Collaborative Family Law And Mediation Services

Independent legal counsel and valid prenuptial agreements

| Jun 14, 2021 | Divorce |

When a California couple decides to have a prenuptial agreement before they get married, it is important that both sides understand the law to ensure that it is valid. Because disputes about these agreements are common if there is a divorce, the case might hinge on whether the agreement met the criteria to be deemed legally enforceable. There are many factors that are considered with a claim that the agreement should not be enforced. One that should be understood from the start is having independent legal counsel.

Not having independent legal counsel may invalidate the agreement

When there is a question as to whether the prenuptial agreement was signed voluntarily, one of the fundamental factors is if there was independent legal counsel. This will be scrutinized and could undo the agreement. The party who signed the agreement at the behest of the other must have independent legal counsel or be advised to have independent legal counsel. He or she can waive that right, but it must be done expressly in a separate writing. The person should have received the advice to seek this counsel at least seven calendar days prior to signing.

Understanding the consequences of a nullified prenuptial agreement

In California, when people are getting divorced, they will be subject to the rules of community property meaning that anything accrued during the marriage will generally be split. That can also impact property that the parties held before the marriage. If, for example, one spouse entered the marriage owning a business and had more income and accrued wealth than the other, he or she might want a prenuptial agreement to avoid having to split items that increased in value. It is a protective device. Failure to execute the agreement properly can nullify it and be exorbitantly costly.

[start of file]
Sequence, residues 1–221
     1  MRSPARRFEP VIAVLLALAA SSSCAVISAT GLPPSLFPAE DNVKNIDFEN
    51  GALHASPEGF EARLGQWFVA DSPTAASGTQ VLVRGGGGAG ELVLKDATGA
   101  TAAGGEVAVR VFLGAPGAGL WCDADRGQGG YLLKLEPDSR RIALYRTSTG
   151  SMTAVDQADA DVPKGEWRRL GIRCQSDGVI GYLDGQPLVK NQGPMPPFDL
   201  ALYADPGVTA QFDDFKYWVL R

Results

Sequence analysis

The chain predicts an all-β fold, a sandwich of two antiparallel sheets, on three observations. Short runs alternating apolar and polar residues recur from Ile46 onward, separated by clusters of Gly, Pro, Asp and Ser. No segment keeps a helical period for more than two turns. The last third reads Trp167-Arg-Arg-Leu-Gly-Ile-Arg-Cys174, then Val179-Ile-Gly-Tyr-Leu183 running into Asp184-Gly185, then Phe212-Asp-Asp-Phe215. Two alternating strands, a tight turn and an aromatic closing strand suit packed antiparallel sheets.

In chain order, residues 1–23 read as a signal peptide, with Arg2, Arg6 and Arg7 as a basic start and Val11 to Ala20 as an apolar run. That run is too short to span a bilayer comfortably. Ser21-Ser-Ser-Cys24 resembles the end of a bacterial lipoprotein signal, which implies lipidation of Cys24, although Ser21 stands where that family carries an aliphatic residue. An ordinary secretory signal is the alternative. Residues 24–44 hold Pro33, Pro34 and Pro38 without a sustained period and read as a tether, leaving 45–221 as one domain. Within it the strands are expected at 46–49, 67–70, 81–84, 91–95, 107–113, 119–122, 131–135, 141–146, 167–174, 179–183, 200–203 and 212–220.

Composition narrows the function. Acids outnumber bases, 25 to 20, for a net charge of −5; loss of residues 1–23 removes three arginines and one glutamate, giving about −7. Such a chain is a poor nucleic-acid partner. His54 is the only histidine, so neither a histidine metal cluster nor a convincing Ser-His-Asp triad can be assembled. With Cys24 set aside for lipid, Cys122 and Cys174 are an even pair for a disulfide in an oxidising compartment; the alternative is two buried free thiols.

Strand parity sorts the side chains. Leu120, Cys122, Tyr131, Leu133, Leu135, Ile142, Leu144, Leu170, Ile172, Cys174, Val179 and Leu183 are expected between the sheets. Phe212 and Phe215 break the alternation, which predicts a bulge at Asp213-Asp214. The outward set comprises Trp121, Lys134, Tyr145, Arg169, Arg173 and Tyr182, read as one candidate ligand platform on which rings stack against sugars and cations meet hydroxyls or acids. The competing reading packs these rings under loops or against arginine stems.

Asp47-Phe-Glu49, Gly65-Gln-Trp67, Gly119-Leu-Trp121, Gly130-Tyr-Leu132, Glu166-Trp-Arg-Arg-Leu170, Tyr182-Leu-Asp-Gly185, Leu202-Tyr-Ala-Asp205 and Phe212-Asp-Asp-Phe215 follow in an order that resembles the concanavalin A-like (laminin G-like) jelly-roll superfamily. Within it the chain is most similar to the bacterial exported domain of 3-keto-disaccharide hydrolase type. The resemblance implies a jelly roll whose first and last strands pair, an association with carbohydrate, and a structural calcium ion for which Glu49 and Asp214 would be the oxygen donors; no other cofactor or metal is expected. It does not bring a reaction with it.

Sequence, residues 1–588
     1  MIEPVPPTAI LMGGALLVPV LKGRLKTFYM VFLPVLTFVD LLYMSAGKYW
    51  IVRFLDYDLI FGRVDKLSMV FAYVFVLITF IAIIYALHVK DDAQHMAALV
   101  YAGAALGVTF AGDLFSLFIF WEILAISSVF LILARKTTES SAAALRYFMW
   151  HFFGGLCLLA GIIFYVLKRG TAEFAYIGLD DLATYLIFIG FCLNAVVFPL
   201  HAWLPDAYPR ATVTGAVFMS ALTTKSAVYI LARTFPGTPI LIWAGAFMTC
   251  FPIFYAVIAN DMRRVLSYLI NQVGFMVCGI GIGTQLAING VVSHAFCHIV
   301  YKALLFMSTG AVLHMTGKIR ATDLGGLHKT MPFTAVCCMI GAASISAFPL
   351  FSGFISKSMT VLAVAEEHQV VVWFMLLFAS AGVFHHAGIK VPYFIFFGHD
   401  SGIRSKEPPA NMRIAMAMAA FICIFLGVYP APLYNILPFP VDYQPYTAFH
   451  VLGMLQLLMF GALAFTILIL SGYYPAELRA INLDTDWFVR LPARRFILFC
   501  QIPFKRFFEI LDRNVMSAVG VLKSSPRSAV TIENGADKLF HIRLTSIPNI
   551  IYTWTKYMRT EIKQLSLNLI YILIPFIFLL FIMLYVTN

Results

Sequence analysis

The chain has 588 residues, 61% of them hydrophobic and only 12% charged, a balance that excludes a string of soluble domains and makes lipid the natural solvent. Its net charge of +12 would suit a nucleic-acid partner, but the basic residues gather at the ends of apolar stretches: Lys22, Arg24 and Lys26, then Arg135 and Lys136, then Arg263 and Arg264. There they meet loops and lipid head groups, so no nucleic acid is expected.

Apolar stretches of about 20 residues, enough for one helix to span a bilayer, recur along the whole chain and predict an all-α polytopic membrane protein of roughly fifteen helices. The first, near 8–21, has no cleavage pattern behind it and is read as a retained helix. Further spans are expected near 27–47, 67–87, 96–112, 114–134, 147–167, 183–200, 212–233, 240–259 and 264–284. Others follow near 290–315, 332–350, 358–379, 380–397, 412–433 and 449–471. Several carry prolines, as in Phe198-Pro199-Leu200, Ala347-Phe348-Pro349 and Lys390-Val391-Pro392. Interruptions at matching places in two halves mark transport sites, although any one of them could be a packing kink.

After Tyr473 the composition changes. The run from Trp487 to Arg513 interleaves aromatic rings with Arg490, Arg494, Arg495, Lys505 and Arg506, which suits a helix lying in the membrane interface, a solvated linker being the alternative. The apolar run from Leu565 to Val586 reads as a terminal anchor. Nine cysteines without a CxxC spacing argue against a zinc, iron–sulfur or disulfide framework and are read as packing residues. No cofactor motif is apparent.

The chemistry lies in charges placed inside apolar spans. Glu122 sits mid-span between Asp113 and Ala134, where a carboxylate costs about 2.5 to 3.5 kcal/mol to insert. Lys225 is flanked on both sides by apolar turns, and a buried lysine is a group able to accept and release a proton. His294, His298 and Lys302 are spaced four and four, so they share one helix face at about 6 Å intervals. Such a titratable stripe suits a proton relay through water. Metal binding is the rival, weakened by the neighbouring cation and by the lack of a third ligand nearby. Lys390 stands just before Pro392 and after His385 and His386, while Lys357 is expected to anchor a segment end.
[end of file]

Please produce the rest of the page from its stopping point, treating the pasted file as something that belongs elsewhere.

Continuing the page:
Professional assistance can help with prenuptial agreements

In some instances, a person who is trying to get their prospective spouse to sign the prenuptial agreement will convince them that they do not need a legal professional of their own and either suggest they both use the same attorney or no attorney is needed at all. In other cases, the person who wanted the prenuptial agreement did so without an agenda and followed all the legal requirements, but the other person is saying their rights were violated. An example is claiming there was no legal representation or the time-frame of seven days’ notice was not adhered to. For representation and help with these complex situations, it is useful to have professional assistance from the start.